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Not the definitive collection from Carlos Santana, but these two discs have more than enough nuggets for those who don't have them all already.

Music Review: Santana – ‘The Essential Santana’

Re-packaging Santana’s greatest hits is, naturally, nothing new. For one example, there was a previous The Essential Santana released in 2002. That version didn’t include samples from his newer albums as Columbia didn’t then have the rights to Arista recordings like 1999’s mega-seller, Supernatural. Now, the bulk of Santana’s work has been pulled together under the Sony mega-umbrella, so a retrospective of a nearly 40-year career is now possible.

Essential SantanaTo organize what is “essential” in a 28-song, two-disc set, however, leads to somewhat debatable choices, even if Carlos Santana himself made those choices. Obviously, tracks from the 1969 debut, Santana, shouldn’t be ignored. Essential indeed opens with “Jingo” from that iconic album. Later on in the mix, the first single, “Evil Ways,” makes its obligatory appearance. Likewise, the ubiquitous “Soul Sacrifice” shows up in its most popular incarnation, the live version recorded at Woodstock. Strangely, it is included as the last track on the first disc. This means The Essential Santana isn’t a chronological history of Santana demonstrating his artistic growth over the years. That’s the most questionable choice of them all.

Equally obvious, “Black Magic Woman/Gypsy Queen” and “Oye Como Va” from 1970s Abraxas couldn’t be excluded. But why was the instrumental lead-in to these songs, “Singing Winds, Crying Beasts,” omitted? Clearly, at the other end of the spectrum, Supernatural had to be represented. So, on disc two we get a generous chunk of the superstar tracks from that 15-times platinum Grammy winner including “Smooth” (with Rob Thomas), “Put Your Lights On” (with Everlast), “The Calling” (with Eric Clapton), “Maria Maria” (with The Product G&B), and “Hold On.” These numbers, along with songs with Chad Kroeger (“Into The Night”) and two versions of “The Game Of Love,” including a poppy rendition by Michelle Branch and a more soulful rendering by Tina Turner, makes the second disc of Essential mostly the essential duets and sideman sessions of Carlos Santana.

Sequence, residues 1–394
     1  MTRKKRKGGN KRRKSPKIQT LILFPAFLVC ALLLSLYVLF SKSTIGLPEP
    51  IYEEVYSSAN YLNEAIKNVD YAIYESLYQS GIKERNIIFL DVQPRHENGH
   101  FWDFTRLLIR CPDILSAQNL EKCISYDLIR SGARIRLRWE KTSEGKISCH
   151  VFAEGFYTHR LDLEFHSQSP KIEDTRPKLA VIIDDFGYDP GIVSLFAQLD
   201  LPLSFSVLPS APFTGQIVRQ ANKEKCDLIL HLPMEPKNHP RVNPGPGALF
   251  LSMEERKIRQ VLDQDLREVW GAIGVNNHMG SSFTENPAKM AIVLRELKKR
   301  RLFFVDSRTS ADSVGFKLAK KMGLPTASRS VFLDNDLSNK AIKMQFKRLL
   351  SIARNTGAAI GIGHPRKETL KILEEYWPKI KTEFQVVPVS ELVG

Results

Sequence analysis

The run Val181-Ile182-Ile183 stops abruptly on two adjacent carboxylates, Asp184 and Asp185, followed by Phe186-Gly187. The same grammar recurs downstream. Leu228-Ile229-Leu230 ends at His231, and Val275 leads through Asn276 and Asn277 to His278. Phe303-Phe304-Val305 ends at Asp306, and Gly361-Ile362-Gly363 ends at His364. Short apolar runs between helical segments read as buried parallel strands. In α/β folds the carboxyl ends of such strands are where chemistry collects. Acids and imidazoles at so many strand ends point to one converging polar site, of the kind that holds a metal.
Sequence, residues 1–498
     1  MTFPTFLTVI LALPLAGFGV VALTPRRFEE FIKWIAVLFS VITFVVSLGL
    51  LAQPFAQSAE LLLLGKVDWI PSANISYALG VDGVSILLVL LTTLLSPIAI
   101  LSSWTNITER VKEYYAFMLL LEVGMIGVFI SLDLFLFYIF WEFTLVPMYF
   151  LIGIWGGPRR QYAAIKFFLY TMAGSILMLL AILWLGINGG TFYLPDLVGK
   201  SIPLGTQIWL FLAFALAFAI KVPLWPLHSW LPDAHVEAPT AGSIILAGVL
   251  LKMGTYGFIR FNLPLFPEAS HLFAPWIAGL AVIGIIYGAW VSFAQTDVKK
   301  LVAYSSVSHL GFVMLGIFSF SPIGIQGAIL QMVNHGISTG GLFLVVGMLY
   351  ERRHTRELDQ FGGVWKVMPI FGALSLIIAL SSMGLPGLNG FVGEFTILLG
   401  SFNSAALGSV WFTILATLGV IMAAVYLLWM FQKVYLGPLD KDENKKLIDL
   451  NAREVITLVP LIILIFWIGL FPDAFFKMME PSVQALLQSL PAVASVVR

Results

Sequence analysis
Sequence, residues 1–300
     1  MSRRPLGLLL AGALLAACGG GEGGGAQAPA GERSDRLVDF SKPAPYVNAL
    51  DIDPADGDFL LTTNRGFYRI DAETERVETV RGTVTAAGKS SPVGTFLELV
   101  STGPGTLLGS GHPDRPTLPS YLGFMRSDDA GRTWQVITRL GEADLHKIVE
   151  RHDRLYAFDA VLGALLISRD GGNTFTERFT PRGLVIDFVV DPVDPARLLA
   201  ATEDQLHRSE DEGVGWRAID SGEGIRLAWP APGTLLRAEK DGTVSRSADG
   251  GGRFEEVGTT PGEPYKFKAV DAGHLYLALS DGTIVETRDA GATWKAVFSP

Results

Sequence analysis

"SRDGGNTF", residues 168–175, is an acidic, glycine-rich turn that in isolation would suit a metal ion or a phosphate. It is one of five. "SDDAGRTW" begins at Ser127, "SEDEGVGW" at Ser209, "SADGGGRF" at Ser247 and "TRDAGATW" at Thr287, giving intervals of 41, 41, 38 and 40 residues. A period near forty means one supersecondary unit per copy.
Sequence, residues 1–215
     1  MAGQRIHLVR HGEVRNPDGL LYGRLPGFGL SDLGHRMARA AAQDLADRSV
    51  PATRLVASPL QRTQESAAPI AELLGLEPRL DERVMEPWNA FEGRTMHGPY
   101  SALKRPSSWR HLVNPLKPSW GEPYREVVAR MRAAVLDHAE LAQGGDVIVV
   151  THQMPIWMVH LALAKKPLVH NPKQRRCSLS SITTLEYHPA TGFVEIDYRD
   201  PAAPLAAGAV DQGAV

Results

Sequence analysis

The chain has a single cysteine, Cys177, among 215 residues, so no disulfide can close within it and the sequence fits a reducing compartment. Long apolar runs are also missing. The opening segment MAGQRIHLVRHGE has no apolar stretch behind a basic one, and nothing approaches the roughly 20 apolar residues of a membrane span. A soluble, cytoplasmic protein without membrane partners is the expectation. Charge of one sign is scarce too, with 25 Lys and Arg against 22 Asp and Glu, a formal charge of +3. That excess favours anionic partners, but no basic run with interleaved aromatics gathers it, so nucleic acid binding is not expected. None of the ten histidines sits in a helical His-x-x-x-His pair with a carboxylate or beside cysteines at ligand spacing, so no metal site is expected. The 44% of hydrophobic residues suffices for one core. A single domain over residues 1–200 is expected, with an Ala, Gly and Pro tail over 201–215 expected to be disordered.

Also obvious, and certainly essential, are tracks taken from the years between Abraxas and Supernatural. From 1972’s Santana III, we get the derivative singles, the R&B cliché-fest of “Everybody’s Everything” and “No One to Depend On,” the latter echoing the “Cisco Kid” era of War. I was happy to see three of my favorites: 1976’s “Europa (Earth’s Cry Heaven’s Smile),” 1977’s “She’s Not There” (from Moonflower), and the title song from John Lee Hooker’s 1989 The Healer. Again, these songs don’t feature in any particular order. For example, “Everybody’s Everything” is the second song on disc one. “The Healer” shows up midway in disc two after a batch of the Supernatural selections that were recorded a decade after the Santana/Hooker collaboration.

Along the way, there are many demonstrations of all the bases Santana has touched over the years. There are nods to jazz-rock fusion (“Love Devotion and Surrender,” “Stormy”), arena rock (“Open Invitation”), rap (“Maria Maria”), Christian rock (“Somewhere in Heaven”), and disco (“Hold On.”) Happily, we get a number of Santana instrumentals showcasing his distinctive, linear style as in two tracks finishing off the collection, “Blues for Salvador” and “Victory is Won.”

Obviously, despite the song order being rather arbitrary, the emphasis was on the hits of the various musical congregations helmed by Carlos Santana. For some, “essential” recordings should include more live material where the guitar master typically soars to his musical heights and often exceeds what was laid down in the studio. Oh well. This wasn’t a box set. There are helpful liner notes from drummer Hal Miller that do shed useful insights into how this collection was assembled. The name of the game is—if you don’t already have what you consider the essential music from Carlos Santana, this is a good overview of where he’s been. Look over the track list and, if you’re missing a third of what you see or more, this package is essential indeed.

About Wesley Britton

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